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Don’t Get Screwed up Trying to Repair Startup and Non-Startup Mac Volumes via Disk Utility

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Image and video hosting by TinyPicDisk Utility is an inbuilt tool provided by Apple to enable users easily address all kinds of disk related activities and problems on Mac. The tool can be accessed through the ‘Utilities’ folder, which is inside your ‘Applications’ folder. With Disk Utility, you can create or compress disk images, mount or unmount disks, enable or disable journaling, erase or formats disks, and more. However, the primary use of Disk Utility is to fix problems on startup and non-startup Mac OS X volumes. You can also use Disk Utility through the Mac OS X command-line via the ‘diskutil’ and ‘hdiutil’ commands.

In order to verify and repair the Mac OS X startup volume through Disk Utility, you need to boot from your Mac OS X Install disc. Sometimes, Disk Utility behaves unusually, i.e. it finds errors on your startup volume otherwise, but does not report similar issues when started up from the Mac OS X Install disc. If Disk Utility shows problems with the Mac OS X hard disk while you are booted from the same, there may not be anything wrong. However, if you are started up from the Mac OS X Install CD or DVD and Disk Utility reports errors, you need to follow suitable measures for troubleshooting the problems.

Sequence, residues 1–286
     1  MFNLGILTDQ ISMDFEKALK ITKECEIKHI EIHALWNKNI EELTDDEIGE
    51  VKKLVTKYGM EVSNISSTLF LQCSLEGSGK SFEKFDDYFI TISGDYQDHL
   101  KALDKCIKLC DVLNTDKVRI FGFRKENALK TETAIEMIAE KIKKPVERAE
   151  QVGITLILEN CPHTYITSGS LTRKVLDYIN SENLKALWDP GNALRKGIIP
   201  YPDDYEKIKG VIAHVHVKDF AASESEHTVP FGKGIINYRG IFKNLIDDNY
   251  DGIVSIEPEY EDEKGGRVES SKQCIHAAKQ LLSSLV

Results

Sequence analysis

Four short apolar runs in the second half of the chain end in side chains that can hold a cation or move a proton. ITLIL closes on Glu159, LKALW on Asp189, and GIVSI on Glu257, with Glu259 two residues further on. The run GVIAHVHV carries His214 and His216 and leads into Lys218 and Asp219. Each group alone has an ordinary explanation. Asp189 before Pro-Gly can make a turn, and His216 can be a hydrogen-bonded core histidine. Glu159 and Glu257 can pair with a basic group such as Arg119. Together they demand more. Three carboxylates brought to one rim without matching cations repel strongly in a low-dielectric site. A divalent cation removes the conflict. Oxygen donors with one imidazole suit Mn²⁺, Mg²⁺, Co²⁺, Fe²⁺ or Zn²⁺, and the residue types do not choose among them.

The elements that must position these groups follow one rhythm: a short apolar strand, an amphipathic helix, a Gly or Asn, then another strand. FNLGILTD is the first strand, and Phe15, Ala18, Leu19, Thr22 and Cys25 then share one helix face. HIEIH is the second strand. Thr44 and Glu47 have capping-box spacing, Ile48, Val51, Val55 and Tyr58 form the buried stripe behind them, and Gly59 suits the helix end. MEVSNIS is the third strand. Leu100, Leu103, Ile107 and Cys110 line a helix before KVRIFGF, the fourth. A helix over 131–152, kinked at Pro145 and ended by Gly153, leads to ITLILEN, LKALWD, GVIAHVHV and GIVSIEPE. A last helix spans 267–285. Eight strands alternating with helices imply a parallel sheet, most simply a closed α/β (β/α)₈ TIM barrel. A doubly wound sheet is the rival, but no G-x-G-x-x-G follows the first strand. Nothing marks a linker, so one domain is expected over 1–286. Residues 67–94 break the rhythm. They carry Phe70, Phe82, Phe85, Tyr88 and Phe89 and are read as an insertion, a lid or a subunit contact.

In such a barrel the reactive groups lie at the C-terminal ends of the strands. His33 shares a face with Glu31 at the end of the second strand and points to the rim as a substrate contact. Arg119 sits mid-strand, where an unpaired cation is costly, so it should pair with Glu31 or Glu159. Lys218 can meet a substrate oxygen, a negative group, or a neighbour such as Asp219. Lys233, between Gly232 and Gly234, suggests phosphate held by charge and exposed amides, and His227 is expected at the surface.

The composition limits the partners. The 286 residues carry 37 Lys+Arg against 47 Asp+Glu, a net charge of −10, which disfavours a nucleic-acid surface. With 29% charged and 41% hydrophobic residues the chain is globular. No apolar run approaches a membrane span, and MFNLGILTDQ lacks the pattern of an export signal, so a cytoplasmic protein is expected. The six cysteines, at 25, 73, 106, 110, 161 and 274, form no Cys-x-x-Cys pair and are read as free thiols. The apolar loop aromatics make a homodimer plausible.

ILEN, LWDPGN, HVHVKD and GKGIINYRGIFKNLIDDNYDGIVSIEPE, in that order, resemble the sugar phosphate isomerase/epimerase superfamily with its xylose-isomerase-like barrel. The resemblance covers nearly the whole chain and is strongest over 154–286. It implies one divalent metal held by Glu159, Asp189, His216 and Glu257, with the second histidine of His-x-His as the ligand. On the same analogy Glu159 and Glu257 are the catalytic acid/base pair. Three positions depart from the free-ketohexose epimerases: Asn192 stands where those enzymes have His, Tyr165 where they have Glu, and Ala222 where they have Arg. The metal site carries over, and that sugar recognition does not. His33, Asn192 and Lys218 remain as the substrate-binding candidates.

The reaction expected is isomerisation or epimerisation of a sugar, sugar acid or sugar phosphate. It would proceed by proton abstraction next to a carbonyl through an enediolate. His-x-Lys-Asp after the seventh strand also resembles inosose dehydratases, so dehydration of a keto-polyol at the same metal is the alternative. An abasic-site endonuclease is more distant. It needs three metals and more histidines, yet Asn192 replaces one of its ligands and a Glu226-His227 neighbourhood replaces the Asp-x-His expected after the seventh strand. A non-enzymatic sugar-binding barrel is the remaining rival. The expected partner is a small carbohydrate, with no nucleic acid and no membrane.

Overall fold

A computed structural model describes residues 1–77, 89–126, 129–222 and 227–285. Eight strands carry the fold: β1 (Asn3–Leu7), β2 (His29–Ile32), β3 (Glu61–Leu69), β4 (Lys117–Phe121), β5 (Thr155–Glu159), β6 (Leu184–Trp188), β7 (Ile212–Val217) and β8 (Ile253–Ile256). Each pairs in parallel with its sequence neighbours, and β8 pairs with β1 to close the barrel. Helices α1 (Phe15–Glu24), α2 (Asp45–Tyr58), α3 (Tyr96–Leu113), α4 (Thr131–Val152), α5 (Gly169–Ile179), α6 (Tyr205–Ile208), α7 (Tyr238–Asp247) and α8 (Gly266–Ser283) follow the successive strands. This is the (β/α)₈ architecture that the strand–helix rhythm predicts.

Occasionally, you may also experience problems with your non-startup disks, such as frequent application crashes, file corruption, external drives not working properly, and the like. The following procedure describes how to correct problems on your non-startup disks using Disk Utility 12.x:

  • Close all currently opened files and applications on the non-startup disk you need to repair.
  • Launch Disk Utility from the Utilities folder in Launchpad.
  • Choose the item you need to repair from the list in the left.
  • Select the ‘First Aid’ tab. If you get the message that the disk is about to fail and you need to replace it, then you cannot repair the disk.
  • Click ‘Repair Disk’. If Disk Utility fails to unmount the disk, you may be having some applications or files currently opened.
  • If you get the message that the disk has been repaired, the repair was successfully completed. In other cases, follow the below mentioned steps.
  • If ‘overlapped extent allocation’ errors show up, there are two or more files on the disk that are occupying the same storage space and at least one of them is probably damaged. You should verify the list of affected files and try to delete or recreate the corrupt file.
  • In case Disk Utility reports ‘The underlying task reported failure’, you need to backup your data, perform clean installation of Mac OS X, and restore the backed-up data.

There are professional Mac data recovery tools available in the market that can aid you in recovering data if your startup or non-startup volumes become corrupt. Furthermore, these tools are compatible with the latest Mac OS X 10.8 Mountain Lion.

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